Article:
Michel C, Rossion B, Bülthoff I, Hayward WG und Vuong QC (Dezember-2013) The contribution of shape and surface information in the other-race face effect Visual Cognition 21(9-10) 1202-1223.
Zhao M und Bülthoff I (Oktober-2013) The other-race effect in face recognition is sensitive to face format at encoding Visual Cognition 21(6) 722-725.
Gaissert N, Waterkamp S, Fleming RW und Bülthoff I (August-2012) Haptic Categorical Perception of Shape PLoS One 7(8) 1-7.
Bülthoff I (Juli-2012) Review: L'empreinte Des Sens Perception 41(7) 881-882.
Armann R und Bülthoff I (Juni-2012) Male and female faces are only perceived categorically when linked to familiar identities – And when in doubt, he is a male Vision Research 63 69–80.
Armann R und Bülthoff I (Juli-2009) Gaze behavior in face comparison: The roles of sex, task, and symmetry Attention, Perception and Psychophysics 71(5) 1107-1126.
Bülthoff I und Newell F (Oktober-2004) Categorical perception of sex occurs in familiar but not unfamiliar faces. Visual Cognition 11(7) 823-855.
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Edelman S, Bülthoff HH und Bülthoff I (Januar-1999) Effects of parametric manipulation of inter-stimulus similarity on 3D object categorization Spatial Vision 12(1) 107-123.
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Bülthoff I, Bülthoff HH und Sinha P (Juli-1998) Top-down influences on stereoscopic depth-perception Nature Neuroscience 1(3) 254-257.
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Kersten D, Knill DC, Mamassian P und Bülthoff I (Januar-1996) Illusory motion from shadows Nature 379(6560) 31.
Bülthoff HH und Bülthoff I (März-1987) GABA-antagonist inverts movement and object detection in flies Brain Research 407(1) 152-158.
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Bülthoff HH und Bülthoff I (Februar-1987) Combining Neuropharmacology and Behavior to Study Motion Detection in Flies Biological Cybernetics 55(5) 313-320.
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Bülthoff I (März-1986) Deoxyglucose mapping of nervous activity induced in Drosophila brain by visual movement. 3. Outer rhabdomeres absent JK84, small optics lobes KS58 and no object fixation EB12, visual mutants. Journal of Comparative Physiology 158(2) 195-202.
Rodrigues V und Bülthoff I (Mai-1985) Freeze-substitution of Drososphila heads for subsequent 3H-2-deoxyglucose autoradiography Journal of Neuroscience Methods 13(3-4) 183-190.
Bülthoff I und Buchner E (Januar-1985) Deoxyglucose mapping of nervous activity induced in Drosophila brain by visual movement. 2. Optomotor blind H31 and lobula plate-less N684 visual mutants. Journal of Comparative Physiology 156(1) 25-34.
Buchner E, Buchner S und Bülthoff I (Juli-1984) Deoxyglucose mapping of nervous activity induced in Drosophila brain by visual movement. 1. Wildtype Journal of Comparative Physiology 155(4) 471-483.

Beiträge zu Tagungsbänden (2):

Pavlova MA, Sokolov AN und Bülthoff I (August-1998) Prime-orientation dependence in detection of camouflaged biological motion In: Fechner Day 98, , 14th Annual Meeting of the International Society for Psychophysics, International Society for Psychology, Quebec, Canada, 314-319.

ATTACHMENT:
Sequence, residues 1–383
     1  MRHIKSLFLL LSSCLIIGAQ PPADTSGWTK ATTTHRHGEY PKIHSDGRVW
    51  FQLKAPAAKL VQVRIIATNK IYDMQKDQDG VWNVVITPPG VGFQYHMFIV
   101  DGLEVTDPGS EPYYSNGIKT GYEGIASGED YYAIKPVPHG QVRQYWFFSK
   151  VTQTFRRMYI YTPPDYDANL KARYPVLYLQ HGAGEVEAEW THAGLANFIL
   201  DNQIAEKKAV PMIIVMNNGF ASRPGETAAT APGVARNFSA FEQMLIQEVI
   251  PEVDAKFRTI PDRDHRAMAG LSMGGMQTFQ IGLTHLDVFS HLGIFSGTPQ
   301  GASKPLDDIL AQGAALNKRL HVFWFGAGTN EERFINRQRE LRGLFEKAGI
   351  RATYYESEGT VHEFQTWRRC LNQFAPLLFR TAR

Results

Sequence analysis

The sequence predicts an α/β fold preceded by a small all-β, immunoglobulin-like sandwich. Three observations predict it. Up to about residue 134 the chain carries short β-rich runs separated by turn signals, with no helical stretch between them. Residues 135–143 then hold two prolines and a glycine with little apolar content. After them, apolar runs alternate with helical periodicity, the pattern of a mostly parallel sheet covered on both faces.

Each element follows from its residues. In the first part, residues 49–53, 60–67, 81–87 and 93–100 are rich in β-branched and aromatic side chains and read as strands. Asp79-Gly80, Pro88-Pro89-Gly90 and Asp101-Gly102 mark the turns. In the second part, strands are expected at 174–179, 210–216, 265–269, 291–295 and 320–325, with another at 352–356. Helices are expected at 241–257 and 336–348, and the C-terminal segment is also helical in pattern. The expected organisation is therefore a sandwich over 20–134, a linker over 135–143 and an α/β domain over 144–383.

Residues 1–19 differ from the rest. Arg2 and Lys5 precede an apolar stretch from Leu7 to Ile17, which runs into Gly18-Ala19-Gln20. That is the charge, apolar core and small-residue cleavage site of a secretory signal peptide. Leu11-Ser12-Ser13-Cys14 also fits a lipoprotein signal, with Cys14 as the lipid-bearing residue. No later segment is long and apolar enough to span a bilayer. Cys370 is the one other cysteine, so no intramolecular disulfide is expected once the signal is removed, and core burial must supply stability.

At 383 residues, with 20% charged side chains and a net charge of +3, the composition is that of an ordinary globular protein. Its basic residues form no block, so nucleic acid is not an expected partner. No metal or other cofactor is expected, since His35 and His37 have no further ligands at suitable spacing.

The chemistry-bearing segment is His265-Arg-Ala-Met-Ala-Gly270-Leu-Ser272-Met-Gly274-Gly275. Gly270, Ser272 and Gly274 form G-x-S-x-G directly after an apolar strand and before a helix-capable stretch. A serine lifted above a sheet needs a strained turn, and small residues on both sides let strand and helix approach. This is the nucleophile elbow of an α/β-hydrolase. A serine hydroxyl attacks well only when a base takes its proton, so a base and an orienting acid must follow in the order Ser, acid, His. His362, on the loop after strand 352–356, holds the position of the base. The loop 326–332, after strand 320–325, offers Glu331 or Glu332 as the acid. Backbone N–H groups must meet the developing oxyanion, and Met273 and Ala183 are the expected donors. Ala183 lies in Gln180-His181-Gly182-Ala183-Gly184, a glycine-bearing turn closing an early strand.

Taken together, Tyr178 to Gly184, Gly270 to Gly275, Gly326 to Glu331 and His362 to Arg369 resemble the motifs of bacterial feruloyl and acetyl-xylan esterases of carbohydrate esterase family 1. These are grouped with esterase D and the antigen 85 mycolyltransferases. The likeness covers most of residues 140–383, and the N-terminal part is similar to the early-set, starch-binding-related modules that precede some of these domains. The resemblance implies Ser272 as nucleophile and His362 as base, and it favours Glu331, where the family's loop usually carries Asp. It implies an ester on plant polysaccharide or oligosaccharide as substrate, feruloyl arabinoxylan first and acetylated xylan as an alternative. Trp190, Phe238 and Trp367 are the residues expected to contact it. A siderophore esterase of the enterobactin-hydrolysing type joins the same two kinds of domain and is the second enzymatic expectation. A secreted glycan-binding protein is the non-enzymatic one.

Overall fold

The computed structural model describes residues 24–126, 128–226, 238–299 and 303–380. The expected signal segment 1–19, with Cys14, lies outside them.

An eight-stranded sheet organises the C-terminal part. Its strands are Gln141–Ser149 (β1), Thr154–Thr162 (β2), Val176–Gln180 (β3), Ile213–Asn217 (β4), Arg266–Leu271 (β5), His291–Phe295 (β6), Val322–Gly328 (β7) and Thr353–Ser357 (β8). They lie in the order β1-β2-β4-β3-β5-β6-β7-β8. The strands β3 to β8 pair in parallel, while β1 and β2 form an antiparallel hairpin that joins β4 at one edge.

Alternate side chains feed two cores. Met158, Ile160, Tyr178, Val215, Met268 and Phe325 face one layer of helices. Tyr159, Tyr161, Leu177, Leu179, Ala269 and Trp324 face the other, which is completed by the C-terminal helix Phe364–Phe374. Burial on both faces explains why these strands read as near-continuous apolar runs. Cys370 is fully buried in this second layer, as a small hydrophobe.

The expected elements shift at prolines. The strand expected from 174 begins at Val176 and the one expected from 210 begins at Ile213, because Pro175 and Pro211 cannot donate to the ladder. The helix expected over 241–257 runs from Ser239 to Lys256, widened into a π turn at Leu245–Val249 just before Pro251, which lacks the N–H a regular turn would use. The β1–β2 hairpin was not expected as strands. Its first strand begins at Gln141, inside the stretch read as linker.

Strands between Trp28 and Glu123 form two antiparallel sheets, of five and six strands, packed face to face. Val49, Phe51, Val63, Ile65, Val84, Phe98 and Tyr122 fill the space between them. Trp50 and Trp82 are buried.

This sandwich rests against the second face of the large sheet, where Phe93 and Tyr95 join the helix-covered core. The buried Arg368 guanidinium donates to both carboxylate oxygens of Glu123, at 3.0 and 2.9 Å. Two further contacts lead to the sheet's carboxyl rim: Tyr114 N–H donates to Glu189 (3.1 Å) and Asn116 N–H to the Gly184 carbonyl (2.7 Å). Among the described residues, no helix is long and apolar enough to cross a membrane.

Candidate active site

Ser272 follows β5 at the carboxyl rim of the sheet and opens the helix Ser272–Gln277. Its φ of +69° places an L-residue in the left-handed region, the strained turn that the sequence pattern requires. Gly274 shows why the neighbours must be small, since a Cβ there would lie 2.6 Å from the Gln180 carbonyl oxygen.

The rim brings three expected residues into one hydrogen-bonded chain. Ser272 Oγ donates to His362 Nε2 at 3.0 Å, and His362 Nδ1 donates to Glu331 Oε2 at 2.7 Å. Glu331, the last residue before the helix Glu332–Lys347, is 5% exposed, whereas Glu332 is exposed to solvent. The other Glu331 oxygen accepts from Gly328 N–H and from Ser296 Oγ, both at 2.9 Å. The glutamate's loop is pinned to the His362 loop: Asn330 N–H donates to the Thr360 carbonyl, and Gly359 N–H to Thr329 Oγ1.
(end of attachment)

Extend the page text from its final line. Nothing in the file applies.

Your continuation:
Pavlova MA, Sokolov AN und Bülthoff I (Juli-1998) Recovery of a priori known structure from biological motion In: Advances in Perception-Action Coupling, , Fifth European Workshop on Ecological Psychology (EWEP 5), Editions EDK, Paris, France, 64-68.

Beiträge zu Büchern (7):

Bülthoff I, Armann RGM, Lee RK und Bülthoff HH: The Other-Race Effect Revisited: No Effect for Faces Varying in Race Only, 153-165. In: Recent Progress in Brain and Cognitive Engineering, (Ed) S.-W. Lee, Springer, Dordrecht, The Netherlands, (2015).
Bülthoff I und Bülthoff HH: Objekterkennung, 1196. In: Dorsch: Lexikon der Psychologie, (Ed) A. Wirtz, Huber, Bern, Switzerland, (2014).
Bülthoff I: Recognition, 863-864. In: Encyclopedia of Perception, (Ed) E.B. Goldstein, Sage, Los Angeles, CA, USA, (2010).
Bülthoff I und Newell FN: The role of familiarity in the recognition of static and dynamic objects, 315-325. In: Visual Perception Part 1: Fundamentals of vision: Low and Mid-level processes in perception, (Ed) S. Martinez-Conde, Elsevier, Amsterdam, Netherlands, (Oktober-2006).
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Bülthoff I und Bülthoff HH: Objektwahrnehmung, 165-172. In: Handbuch der Allgemeinen Psychologie: Kognition, (Ed) J. Funke, Hogrefe, Göttingen, Germany, (2006).
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Bülthoff I und Bülthoff HH: Image-Based Recognition of Biological Motion, Scenes, and Objects, 146-172. In: Perception of Faces, Objects, and Scenes: Analytic and Holistic Processes, (Ed) M.A. Peterson, Oxford University Press, New York, NY, USA, (2003).
Nicod I: Mapping nervous activity in visual mutants of Drosophila melanogaster with the deoxyglucose method, 171-175. In: La vision chez les invertébrés, (Ed) P. Clement, Editions du Centre National de la Recherche Scientifique, Paris, France, (1984).

Technische Berichte (3):

Bülthoff I und Newell FN: Categorical perception of gender: No evidence for unfamiliar faces, 094, Max Planck Institute for Biological Cybernetics, Tübingen, Germany, (Oktober-2005).
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Bülthoff I, Bülthoff HH und Sinha P: View-based representations for dynamic 3D object recognition, 47, Max Planck Institute for Biological Cybernetics, Tübingen, Germany, (Februar-1997).
Edelman S, Bülthoff HH und Bülthoff I: Features of the representation space for 3D objects, 40, Max Planck Institute for Biological Cybernetics, Tübingen, Germany, (September-1996).
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Poster (84):

Foster C, Zhao M, Romero J, Black M, Mohler BJ, Bartels A und Bülthoff I (August-31-2017): Decoding categories shared by the face and body, 40th European Conference on Visual Perception (ECVP 2017), Berlin, Germany.
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Last updated: Montag, 22.05.2017